The self-sense of an individual who joins a spiritual group may become completely identified with the group. The structuring of knowledge, normally managed by the individual ego, can be taken over by a pathogenic group, just as it is preempted in totalitarian states for purposes of information control.[14] The structure of the group may reflect the development stage of the leader, or it may represent disowned, unconsciously projected aspects of the leader's psyche. The responsibility of individual members for pathogenic group behavior should not be overlooked, however. Attributing negative group characteristics to the leader alone can be misleading. The intrinsically dynamic nature of groups precludes a definitive analysis of separate parts as if they existed independently of each other. Assuming that the group has a leader, an evaluation of the group cannot be divorced, in my opinion, from an assessment of the leader's own level of development and an examination of the master-disciple relationship as practiced in the group.

Mastery implies power in any field, but spiritual mastery has unique characteristics. Whereas mastery at the level of ego consists largely of self-determination and expertise, mastery at the level of transpersonal realization is a matter of integration and self-transcendence. "Masters of the world," says Sufi master Inayat Khan,[15] "are those who have mastered themselves, and mastery lies in control of the mind. If the mind becomes your obedient servant, the whole world is at your service."

In common usage the noun "master" generally refers either to a male having another person subject to his will, or to one who uses or controls at will that which is mastered. As a verb, to master means to subdue, to become adept at a particular skill, or to rule or direct. Whereas ego mastery implies superiority and control of the external world, spiritual mastery implies self-mastery and mastery of the mind. For example, this type of mastery may be developed through the practice of concentration mediation and the strengthening of the will, or by various types of insight meditation that aim at detachment from egoic mental productions. The power of penetrating insight is an aspect of mastery that becomes available when control of the mind has been attained.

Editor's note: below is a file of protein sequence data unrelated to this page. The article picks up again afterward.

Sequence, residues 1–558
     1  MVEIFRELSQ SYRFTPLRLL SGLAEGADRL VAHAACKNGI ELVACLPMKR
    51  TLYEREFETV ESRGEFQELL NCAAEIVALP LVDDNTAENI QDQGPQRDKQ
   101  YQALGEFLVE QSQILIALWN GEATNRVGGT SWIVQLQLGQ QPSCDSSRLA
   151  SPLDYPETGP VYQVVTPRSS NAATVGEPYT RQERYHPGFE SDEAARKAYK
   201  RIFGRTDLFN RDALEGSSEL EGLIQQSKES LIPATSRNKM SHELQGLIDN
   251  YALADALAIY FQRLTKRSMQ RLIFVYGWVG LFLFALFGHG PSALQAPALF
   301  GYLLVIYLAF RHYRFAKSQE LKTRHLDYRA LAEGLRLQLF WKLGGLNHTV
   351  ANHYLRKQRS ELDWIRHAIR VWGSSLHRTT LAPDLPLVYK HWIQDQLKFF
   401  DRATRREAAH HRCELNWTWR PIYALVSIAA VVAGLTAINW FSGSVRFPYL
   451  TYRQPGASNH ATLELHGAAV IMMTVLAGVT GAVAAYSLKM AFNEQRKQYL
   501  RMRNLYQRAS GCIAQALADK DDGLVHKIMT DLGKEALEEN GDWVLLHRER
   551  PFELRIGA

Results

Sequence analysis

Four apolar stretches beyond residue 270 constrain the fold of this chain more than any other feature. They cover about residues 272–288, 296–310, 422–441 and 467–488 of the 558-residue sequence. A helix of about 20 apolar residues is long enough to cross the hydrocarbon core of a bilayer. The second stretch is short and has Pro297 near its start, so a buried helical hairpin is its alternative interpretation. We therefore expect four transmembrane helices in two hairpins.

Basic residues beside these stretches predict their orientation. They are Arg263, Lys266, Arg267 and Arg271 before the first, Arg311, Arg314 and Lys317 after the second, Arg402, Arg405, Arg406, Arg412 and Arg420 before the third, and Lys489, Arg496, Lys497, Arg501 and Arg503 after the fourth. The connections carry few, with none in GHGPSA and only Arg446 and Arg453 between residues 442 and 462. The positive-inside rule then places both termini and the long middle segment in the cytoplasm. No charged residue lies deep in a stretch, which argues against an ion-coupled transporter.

Practicing consciousness disciplines that aim at control of the mind can also contribute to the development of psychic powers, those powers of the mind commonly called "extra sensory." These tend to become available at transpersonal levels of development. However, the attainment of psychic powers does not ensure either ethics or spiritual understanding, and such powers may be abused by someone who has not yet transcended egoic identification. In many spiritual disciplines extra-sensory powers are considered by-products of spiritual work and are traditionally eschewed as traps that can lead a spiritual aspirant to ego entanglements in the domain of occult energies, or subtle realm. While healthy transpersonal development demands eventual transcendence of ego, the actual process of growth to higher, more subtle and complex levels of development does not necessarily ensure immediate transcendence of lower levels. In attempting to assess levels of mastery, then, the display of psychic powers by one who has mastered them should not be considered an indication of spiritual mastery. On the contrary, the use of such abilities in the service of ego goals, such as attracting or intimidating followers, should automatically be suspect. A spiritual master who has truly transcended ego could be expected to disdain the use of special powers for purposes of manipulation and control.

To facilitate making the distinction between mastery at the ego level and mastery at authentically spiritual levels, let us review some of the characteristics of each. At the ego level a person is said to be a master of destiny when he or she is self-determining, rather than being subject to control by others. In personal growth, self-determination is often equated with mental health. Clients in psychotherapy improve as they learn to take responsibility for initiating change and designing their lives in accordance with a realistic appraisal of their potentials. Psychological health, however, is not just a function of increasing self-control, but rather a function of learning to maintain an appropriate, dynamic balance between effort and surrender, control and relaxation, assertiveness and receptivity.